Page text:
Management

Five Issues Facing CFOs

CFOs will play a more prominent role in monitoring risks and identifying solutions.

May 01, 2013
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2. Data analytics

If it hasn’t already, your credit union should take a serious look at soft ware that analyzes the huge amount of data that exists across numerous soft ware applications. This data—properly analyzed—can be a tremendous tool to help you make decisions and develop strategies. And the need for more aggressive risk management solutions requires greater analytical tools to help manage and mitigate risk.

Credit unions have extensive data on, for example, loan performance and members. Unfortunately, this data oft en is housed across multiple soft ware applications that rarely communicate with each other.

Forward-looking credit unions realize the strategic competitive advantage that’s obtained by using a single platform to aggregate this data and apply reporting and analytical tools at the loan and member levels. Users from all departments benefit as they gain new perspectives of their portfolios and other relationships.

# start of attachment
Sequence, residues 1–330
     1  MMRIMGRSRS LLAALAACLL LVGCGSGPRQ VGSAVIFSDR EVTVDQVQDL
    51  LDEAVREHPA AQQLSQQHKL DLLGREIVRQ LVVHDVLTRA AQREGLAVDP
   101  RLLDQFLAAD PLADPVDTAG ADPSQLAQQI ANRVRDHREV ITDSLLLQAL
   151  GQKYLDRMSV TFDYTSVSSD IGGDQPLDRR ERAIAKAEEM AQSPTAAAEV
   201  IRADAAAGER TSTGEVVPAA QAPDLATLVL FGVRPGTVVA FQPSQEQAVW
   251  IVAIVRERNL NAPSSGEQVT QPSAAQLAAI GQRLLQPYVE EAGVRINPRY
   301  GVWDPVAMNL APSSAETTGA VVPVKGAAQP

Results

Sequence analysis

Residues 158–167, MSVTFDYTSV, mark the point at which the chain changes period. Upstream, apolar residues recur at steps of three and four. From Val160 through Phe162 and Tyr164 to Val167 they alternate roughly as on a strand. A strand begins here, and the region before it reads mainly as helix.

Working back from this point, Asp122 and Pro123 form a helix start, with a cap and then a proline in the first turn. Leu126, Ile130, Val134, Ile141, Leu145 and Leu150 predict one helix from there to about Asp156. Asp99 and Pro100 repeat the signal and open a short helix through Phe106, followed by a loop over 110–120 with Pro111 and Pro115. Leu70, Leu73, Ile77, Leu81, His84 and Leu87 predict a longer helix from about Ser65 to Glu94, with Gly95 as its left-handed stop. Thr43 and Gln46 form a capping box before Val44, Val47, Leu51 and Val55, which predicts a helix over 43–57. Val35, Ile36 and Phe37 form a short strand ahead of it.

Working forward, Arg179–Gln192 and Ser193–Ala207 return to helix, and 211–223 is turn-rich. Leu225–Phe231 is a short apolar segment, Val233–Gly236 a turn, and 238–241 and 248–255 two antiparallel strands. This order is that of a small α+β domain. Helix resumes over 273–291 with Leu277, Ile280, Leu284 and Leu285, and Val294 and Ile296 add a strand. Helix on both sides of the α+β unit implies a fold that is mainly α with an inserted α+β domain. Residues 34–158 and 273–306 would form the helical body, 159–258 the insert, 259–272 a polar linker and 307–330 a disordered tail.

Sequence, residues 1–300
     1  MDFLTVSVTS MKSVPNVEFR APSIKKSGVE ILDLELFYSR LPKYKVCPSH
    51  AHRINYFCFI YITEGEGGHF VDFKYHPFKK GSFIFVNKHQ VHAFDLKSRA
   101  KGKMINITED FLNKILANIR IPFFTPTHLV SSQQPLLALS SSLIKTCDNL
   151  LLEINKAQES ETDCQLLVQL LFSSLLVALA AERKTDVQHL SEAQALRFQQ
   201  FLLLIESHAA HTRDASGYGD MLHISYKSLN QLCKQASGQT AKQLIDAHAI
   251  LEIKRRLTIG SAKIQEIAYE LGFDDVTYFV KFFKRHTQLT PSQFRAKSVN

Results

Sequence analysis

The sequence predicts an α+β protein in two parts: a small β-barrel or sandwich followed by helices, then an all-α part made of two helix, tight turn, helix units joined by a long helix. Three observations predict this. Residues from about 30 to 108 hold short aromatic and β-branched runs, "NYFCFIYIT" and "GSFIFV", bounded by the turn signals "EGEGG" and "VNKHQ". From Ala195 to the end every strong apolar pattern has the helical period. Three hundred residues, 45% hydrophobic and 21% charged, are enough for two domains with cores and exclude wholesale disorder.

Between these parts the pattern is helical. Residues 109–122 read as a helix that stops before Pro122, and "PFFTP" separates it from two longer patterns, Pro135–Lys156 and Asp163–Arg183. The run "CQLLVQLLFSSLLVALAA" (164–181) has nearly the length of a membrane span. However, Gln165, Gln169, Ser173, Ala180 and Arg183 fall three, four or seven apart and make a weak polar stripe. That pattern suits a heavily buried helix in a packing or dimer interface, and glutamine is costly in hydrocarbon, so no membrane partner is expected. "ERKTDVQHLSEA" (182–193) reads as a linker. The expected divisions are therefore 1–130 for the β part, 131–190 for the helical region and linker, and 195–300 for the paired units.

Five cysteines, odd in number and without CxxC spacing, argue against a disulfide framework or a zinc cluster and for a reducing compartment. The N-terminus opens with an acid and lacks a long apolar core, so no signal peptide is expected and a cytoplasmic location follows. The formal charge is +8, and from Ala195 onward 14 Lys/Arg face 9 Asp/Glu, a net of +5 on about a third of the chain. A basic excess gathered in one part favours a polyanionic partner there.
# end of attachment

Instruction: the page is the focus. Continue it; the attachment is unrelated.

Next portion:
This is generally called “data mining” or “data analytics.” Now, with accessible loan-level and member-level data, managers of all departments can identify risk in greater detail. They can also discover untapped markets, product and pricing opportunities, and revealing statistical trends. This level of reporting detail also helps satisfy compliance requirements.

Many credit unions use historic performance methodologies to estimate reserves and manage loan loss allowances. But using a predictive model with all available data can give you a more complete picture of a loan and its expected performance.

Credit unions can use data characteristics from borrowers, loans, collateral, regional geography, and the economy to develop a probability of default and loss severity for each loan. You can apply these measures to future cash flows (performance) at the loan level based on potential economic scenarios to estimate loss and your loan loss allowance.